With a doctorate of anthropology from the University of Arizona, Snow spent most of his professional life in Oklahoma, analysing passenger injuries from aircraft accidents for the US government. But he built a national reputation in criminal investigations, examining the victims of notorious serial killer John Wayne Gacy, and later the remains of Nazi scientist Joseph Mengele in Brazil. In the early 1970s he and a colleague prevailed upon the American Academy of Forensic Scientists to establish a forensic anthropology section. Nearly 50 people are now working the field.
Burns started out as a zoologist and discovered anthropology as a graduate student at the University of Florida. Now she teaches human osteology, forensic anthropology and a course called the archaeology of death to students at Georgia, and the arts of skeletal recovery and analysis to police investigators.
"I've found in my human rights work that I am extremely grateful for cultural studies," she says, "the amazing differences in the way people think and do things." In the US, she explains, if when digging a sewer line one came across a body, lying on its side with no evidence of clothing, it would immediately suggest foul play, "because that's not the way we bury people", she says. "If we came upon a body lying on its back, some evidence of its clothing, arms at its side or folded across its chest, a few nails around it, you would say 'Good Heavens, we have stumbled into an unmarked cemetery'."
In a Muslim country the findings are reversed, she says. There, a body lying on its back with clothing becomes instantly suspicious. No family would bury a loved one that way; bodies are laid on their side, facing Mecca, in a simple shroud.
Burns went to Northern Iraq after the Gulf War to investigate alleged atrocities. Her team was asked to excavate a man's body, found on his side facing towards Mecca, on a military base where there had been many executions. Though there was no clothing intact, the team realised there were two threads running along the sides of both legs. The clothing had been made from a natural fibre that had deteriorated, but it was sewn with a cotton polyester thread that survived. "Just those two threads at each side of the leg just shouted that his family didn't bury him," she says, "however the position he was in said that a Muslim did bury him." Examination of his skeleton showed two gunshot wounds in the top of his head, and there is one Russian pistol that tends to fire twice, she says.
Finding a victim's body is always shocking, says Doretti, but for the scientists it brings a sense of mission accomplished, and for the relatives a kind of relief. Working in Ethiopia in 1993 and 1994, in the wake of the Menghistu regime, Doretti remembers one grieving woman in particular. "We identified the remains of her husband. She said, 'This is the best and worst day of my life because I have been waiting ten years to know this and now I am finally free'."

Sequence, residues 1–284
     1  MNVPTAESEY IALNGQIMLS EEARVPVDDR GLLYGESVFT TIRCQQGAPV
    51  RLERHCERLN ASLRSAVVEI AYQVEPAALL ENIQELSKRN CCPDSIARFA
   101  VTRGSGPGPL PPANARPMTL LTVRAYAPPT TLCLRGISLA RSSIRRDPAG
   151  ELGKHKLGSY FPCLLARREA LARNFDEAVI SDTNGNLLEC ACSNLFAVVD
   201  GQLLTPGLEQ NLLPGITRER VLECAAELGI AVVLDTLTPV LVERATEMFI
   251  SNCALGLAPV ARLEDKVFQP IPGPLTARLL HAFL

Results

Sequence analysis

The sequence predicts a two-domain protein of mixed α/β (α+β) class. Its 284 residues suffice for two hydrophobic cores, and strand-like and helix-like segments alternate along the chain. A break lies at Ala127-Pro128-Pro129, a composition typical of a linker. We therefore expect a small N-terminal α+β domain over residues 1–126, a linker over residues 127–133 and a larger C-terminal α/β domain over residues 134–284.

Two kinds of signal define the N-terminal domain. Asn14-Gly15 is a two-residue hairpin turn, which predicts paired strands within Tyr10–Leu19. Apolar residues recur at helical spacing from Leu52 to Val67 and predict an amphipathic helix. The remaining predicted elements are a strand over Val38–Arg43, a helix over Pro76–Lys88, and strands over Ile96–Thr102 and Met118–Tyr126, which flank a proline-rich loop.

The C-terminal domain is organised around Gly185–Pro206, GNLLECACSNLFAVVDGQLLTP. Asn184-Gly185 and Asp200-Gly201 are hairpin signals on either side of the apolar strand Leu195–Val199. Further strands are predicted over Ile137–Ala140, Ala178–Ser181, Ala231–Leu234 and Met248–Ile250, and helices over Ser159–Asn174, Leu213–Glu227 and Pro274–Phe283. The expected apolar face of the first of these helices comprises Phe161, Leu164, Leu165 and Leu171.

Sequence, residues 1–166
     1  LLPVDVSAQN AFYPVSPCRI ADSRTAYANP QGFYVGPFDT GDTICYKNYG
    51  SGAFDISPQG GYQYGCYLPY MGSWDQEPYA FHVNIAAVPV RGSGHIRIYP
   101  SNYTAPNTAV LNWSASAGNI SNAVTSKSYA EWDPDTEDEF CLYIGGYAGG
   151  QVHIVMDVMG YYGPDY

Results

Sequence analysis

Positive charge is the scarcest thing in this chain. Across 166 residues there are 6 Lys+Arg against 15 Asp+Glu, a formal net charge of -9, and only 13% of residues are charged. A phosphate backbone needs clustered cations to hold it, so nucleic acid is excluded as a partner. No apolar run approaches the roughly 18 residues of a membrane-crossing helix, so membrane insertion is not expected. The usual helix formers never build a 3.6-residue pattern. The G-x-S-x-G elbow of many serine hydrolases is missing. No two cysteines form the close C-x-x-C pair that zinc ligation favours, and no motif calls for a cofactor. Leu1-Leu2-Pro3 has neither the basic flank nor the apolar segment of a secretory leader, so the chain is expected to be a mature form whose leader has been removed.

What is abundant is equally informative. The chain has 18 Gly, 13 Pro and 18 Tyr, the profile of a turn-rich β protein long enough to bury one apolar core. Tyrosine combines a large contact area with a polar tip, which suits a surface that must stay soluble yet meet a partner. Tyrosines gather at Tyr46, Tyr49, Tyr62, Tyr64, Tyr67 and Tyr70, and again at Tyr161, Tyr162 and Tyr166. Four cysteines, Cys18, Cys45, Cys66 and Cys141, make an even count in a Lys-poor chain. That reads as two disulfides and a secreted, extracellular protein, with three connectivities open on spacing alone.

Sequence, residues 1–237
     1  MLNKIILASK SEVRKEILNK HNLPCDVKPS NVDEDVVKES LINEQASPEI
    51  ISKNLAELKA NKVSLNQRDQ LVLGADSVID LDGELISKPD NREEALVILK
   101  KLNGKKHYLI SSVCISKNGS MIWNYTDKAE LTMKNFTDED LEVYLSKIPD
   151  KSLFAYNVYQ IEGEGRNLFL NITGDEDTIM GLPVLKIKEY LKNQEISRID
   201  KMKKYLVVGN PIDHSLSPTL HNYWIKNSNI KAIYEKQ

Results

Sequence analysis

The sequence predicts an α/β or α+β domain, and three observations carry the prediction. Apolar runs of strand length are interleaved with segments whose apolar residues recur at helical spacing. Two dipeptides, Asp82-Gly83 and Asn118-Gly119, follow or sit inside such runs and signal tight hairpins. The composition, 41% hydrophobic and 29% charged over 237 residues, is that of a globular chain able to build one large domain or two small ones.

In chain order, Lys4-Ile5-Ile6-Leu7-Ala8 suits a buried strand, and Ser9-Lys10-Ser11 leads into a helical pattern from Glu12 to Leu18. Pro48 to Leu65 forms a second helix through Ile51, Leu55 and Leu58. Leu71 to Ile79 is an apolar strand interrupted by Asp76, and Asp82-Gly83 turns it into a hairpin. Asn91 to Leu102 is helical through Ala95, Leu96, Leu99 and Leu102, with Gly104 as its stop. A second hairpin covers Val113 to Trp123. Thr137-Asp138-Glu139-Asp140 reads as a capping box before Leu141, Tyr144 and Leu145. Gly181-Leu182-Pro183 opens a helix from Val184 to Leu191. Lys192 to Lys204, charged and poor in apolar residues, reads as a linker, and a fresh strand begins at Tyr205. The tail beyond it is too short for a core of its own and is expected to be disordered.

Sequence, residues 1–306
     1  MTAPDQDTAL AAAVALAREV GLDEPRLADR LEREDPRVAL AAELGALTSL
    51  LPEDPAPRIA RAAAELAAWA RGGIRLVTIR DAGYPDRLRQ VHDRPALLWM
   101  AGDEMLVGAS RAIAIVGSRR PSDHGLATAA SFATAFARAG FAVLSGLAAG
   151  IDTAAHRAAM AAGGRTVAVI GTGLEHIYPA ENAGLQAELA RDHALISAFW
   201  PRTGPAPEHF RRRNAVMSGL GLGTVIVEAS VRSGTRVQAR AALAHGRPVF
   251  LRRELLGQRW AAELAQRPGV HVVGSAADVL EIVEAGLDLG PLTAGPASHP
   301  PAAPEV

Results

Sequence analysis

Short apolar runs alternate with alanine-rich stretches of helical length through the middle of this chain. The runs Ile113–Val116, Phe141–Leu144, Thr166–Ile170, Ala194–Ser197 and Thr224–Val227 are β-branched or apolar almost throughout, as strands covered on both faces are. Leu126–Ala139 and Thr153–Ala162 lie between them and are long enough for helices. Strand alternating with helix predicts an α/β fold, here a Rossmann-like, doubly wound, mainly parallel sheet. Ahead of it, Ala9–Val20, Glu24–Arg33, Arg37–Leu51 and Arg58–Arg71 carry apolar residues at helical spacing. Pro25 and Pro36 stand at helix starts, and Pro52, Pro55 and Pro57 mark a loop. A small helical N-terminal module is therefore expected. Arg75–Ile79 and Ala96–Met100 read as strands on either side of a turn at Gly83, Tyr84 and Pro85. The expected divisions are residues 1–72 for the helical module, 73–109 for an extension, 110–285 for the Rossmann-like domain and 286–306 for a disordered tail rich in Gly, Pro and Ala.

In Haiti, the bodies of the dead were themselves an instrument of state terror, and that poses unique problems for the forensic investigators. Typically the victims were left on the surface, in the street or at known dumping grounds. They became fodder for roving dogs and pigs, with limbs broken up and scattered. For relatives, even going near them was an invitation to be shot or beaten. If they were buried, it was in shallow graves.
One notorious dump site for trash and corpses, Ti Tanyen, lies outside the capital Port au Prince on the national highway to the north. Both military prisons and hospitals dumped their dead there. In a desperately poor country, estimates for the portion of the population with Aids run as high as 40 per cent. Many of the dead who ended in Ti Tanyen were street children. One night as Karen Burns worked at the hospital, a child's body was left under her car.
"There was so much that was incomplete," she says. She recalls dealing with only eight complete skeletons, but dozens of partial remains. "There was a lot that was simply left in the field. You could bring in piles of bones but what were you going to accomplish?" The scientists did dig up bodies from one cemetery in Gonaives. They were looking for gunshot injuries consistent with witness reports of a massacre, the physical evidence, to corroborate verbal testimony. They wanted to examine the body of France Moise, for example, a man shown in contemporary photographs lying in the street bleeding from under his arm, and of Jean-Pierre and Elysian Dazeme, two cousins shot down on their motorcycle. The remains appeared to confirm what is known about the killings; some apparently showed victims shot from behind as they ran. There was one whose skull was totally shattered, and Burns looked for evidence of the kind of cranial explosion that signifies a wound from a high-velocity weapon.
Haitian officials made contacts with the AAAS while Aristide was still in exile, says Michael Levy, who works for the president's international liaison office. There is potentially a huge amount of work to do. The organisation's involvement, Levy says, lends scientific credibility, and is a signal of a sincere interest in getting to the truth. There is "an ever-present risk of history forgetting or misstating what actually took place," he says. "Shedding light on what happened is a necessary step in moving on."